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Bruce DowbigginOkay class. Construct a headline from the following: Kawhi Leonard spurns the Toronto Raptors in the middle of the night for his hometown team, the L.A. Clippers. At the same moment, southern California experiences a 7.1-scale earthquake.

Toronto finds fault line with the Klaw?

Star power tops Drake expectations?

Toronto wakes, L.A. quakes?

Entries will be judged on creativity and cruelty. First prize is two tickets to a Raptors game next season. Second prize is four tickets to a Raptors game next season.

The National Basketball Association version of The Bachelor has ended as many Canadians thought it might. Toronto was just a little too far away from Leonard’s home. Too exotic for an NBA millionaire to navigate. The Raptors couldn’t come up with the other parts – Paul George, Russell Westbrook – to keep Kawhi happy winning NBA titles.

However you slice it, he absconded – fittingly the deal was announced at 2 a.m. EDT – and the Raptors are left with a May/September romance, an NBA title and a cupboard bare of star power for the 2019-2020 season.

Honestly, when you’re born Canadian you realize that this is what you get. American media dorks talking about Toronto being too cold when it’s actually south of Minnesota and Milwaukee and has the same weather as Chicago and Boston in the winter.

We’ll leave the handicapping of the title race to others for now. What’s most important about the Leonard sweepstakes is the template it creates for pro sports in North America. The creation of super teams surrounding the elite players of the NBA is now officially a thing. To paraphrase Yeats, “All changed, changed utterly: A terrible sports beauty is born.”

As usual, LeBron James created the instruction manual. Choose a team with a base of talent and lots of salary cap space. Invite a few of your all-star pals to join you. Win a few titles. Put up awesome TV ratings. Then skip to the next willing franchise. LeBron performed the act in Miami, then returned to do it in Cleveland. Now James is attempting to replicate his formula with the L.A. Lakers.

The Golden State Warriors emulated the LeBron model in Oakland around Steph Curry. The team has been in the last four NBA Finals, winning twice.

Having proved his credentials against the Warriors in Toronto, Leonard is now hoping to create a super team with the Clippers. (James’ gambit with the Lakers juiced the deal.)

Of course, this is all anathema to those who believe in the sacred notion of parity, the concept of the plucky underdog, the crest on the chest. Like commissioners of leagues trying to keep as many franchises alive as possible, they profess to be about variety as the spice of life.

Perhaps, but that ship has sailed. There’s a new sports model taking over and it will not be kind to markets that can’t compete. Want to see how it looks?

Watch European soccer. Best on best. Limited numbers in the elite divisions. Relegation/promotion. Global promotion. Play at the level you can afford. 

There are the expected arguments from fans against this encroaching model. They complain that they don’t want to see the same big-market teams win all the time. These fans bemoan clear-cutting rosters. They claim to like salary caps.

They lie. While they say they want parity, they actually want their team to win. Or they want to see the best play the best. That’s the truth.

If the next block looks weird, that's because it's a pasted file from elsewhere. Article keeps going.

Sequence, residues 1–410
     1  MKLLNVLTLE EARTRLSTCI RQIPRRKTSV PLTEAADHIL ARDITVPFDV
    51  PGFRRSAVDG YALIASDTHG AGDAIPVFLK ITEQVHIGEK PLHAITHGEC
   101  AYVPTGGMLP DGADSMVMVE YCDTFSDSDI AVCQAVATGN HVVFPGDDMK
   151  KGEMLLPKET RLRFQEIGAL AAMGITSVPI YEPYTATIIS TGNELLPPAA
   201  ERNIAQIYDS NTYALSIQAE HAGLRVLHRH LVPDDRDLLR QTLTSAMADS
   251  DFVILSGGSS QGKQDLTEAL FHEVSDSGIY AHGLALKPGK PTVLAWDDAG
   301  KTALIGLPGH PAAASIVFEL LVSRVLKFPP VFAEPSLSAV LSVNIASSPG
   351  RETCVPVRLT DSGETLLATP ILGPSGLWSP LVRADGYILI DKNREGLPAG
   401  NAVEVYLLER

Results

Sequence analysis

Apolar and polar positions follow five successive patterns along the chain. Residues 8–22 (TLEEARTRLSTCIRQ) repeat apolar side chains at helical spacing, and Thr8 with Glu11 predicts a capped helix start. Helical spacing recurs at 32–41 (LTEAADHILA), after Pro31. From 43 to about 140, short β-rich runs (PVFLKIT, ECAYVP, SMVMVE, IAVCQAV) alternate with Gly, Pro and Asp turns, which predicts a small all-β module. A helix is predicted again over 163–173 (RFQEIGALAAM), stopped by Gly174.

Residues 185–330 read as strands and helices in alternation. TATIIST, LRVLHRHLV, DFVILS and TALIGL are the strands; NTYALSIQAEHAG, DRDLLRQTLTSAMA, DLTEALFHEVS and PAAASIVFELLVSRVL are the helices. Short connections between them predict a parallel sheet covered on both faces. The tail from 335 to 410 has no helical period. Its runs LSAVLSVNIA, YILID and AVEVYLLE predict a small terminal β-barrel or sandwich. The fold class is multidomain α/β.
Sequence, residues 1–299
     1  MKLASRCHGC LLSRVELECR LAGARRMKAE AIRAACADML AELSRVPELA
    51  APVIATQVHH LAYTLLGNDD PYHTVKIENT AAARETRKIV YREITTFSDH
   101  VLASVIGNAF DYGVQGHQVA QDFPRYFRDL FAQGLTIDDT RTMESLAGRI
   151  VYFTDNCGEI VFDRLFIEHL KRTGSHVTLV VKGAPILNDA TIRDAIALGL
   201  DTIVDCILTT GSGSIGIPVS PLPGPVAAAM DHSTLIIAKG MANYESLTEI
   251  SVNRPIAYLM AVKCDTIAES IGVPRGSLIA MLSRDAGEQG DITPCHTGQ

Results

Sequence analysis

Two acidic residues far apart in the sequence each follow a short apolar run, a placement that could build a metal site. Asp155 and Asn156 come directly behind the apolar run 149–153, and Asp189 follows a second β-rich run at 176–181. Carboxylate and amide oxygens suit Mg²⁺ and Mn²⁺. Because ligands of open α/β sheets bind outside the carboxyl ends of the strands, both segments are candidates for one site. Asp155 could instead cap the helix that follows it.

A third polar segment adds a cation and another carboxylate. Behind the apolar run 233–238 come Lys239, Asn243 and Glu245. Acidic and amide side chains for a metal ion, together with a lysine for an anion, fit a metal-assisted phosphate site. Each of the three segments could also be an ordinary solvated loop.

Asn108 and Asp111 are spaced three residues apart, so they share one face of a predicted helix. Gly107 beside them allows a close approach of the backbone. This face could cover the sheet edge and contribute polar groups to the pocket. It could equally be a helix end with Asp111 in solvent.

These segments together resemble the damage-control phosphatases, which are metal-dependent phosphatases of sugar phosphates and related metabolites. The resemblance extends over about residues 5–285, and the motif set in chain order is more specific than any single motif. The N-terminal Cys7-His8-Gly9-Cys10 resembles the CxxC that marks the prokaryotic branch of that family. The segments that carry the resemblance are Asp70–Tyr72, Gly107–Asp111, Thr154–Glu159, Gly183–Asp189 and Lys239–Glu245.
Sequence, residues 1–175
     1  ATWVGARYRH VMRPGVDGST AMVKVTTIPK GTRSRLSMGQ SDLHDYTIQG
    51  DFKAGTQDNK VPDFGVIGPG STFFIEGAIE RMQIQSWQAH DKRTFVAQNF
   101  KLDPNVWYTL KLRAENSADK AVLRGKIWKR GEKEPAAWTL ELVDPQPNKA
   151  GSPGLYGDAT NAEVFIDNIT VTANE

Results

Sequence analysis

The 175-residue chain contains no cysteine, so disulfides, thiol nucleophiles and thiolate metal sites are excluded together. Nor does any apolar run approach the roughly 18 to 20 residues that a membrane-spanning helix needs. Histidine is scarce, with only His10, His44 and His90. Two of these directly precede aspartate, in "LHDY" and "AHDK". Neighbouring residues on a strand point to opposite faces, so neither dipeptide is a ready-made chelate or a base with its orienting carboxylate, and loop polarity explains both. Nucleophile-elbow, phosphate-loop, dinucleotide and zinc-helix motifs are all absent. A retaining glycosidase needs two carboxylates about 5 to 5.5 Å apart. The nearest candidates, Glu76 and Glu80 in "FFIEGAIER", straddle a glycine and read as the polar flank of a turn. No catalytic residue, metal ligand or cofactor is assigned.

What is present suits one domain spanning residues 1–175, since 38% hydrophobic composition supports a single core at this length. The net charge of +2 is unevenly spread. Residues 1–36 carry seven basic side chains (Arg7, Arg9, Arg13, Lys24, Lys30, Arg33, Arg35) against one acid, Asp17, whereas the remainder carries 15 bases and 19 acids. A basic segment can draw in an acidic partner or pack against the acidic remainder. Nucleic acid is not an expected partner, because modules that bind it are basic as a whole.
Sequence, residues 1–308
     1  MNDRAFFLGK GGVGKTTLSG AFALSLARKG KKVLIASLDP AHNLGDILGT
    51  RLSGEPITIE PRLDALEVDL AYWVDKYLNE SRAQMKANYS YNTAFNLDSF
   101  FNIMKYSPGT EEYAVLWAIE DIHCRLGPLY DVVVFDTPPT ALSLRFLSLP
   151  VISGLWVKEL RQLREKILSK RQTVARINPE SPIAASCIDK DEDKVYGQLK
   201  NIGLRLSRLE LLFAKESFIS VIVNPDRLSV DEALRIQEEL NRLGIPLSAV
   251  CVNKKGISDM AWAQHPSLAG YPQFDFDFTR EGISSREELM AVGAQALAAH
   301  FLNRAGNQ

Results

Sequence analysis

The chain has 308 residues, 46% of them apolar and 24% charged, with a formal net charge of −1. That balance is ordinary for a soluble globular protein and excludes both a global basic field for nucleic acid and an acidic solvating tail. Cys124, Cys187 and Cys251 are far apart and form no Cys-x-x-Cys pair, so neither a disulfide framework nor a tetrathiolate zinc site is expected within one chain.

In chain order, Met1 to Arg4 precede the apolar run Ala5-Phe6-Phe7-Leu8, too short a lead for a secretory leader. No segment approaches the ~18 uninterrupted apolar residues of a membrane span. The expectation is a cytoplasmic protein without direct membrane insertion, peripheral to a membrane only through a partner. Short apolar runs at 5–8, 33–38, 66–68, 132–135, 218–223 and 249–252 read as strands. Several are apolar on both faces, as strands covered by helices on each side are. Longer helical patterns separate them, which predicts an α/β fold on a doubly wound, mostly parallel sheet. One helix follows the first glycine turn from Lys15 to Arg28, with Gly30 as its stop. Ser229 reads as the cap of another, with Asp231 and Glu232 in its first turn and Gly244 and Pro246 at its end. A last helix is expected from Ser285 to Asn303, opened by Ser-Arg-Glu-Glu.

This loyalty of traditionalists to the crest on the chest is quaint, but a new generation see sports differently. The advent of FanDuel and fantasy sports means that there are as many ‘teams’ every night as there are fans rooting for their own selections. The legalization of casino sports betting across America also means that fans will be loyal to their money as much as their heart.

The complaint that no one wants to see the LeBron/Kawhi model?

TV ratings remain bullish, advertisers still embrace the NBA and soccer – and their stars are global, not continental, stars.

If repeat champions bore the market why are National Collegiate Athletic Association (NCAA) football powerhouses Ohio State or Alabama still embraced by fans? Or NCAA hoops powers Duke, Kansas or North Carolina?

Want to know why this is the model of the future?

Because commissioner Gary Bettman and his National Hockey League owners think that the franchise model/ salary cap scheme they’ve employed forever needs to be reinforced. Again.

Bettman is still selling the 1980s KFC franchise model, not what a modern sports league needs to prosper.

Any business model embraced by Bettman is a model not worth buying. Spread your stars across 32 cities, let them moulder in small markets that never make the playoffs. Promote mediocrity with reverse drafts for losers. Tolerate tanking.

Until the NHL gets a more enlightened commissioner, it will remain an afterthought in the pro sports market.

So give Kawhi his due or curse him as a money grubber. His move in the middle of the night has pushed pro sports into a new realm. Pro sports is changed utterly. A terrible beauty is born.

Those who fail to embrace it will fade like the British Empire. Those who accept it will lead the way in the future.

Troy Media columnist Bruce Dowbiggin career includes successful stints in television, radio and print. A two-time winner of the Gemini Award as Canada’s top television sports broadcaster, he is also the publisher of Not The Public Broadcaster.

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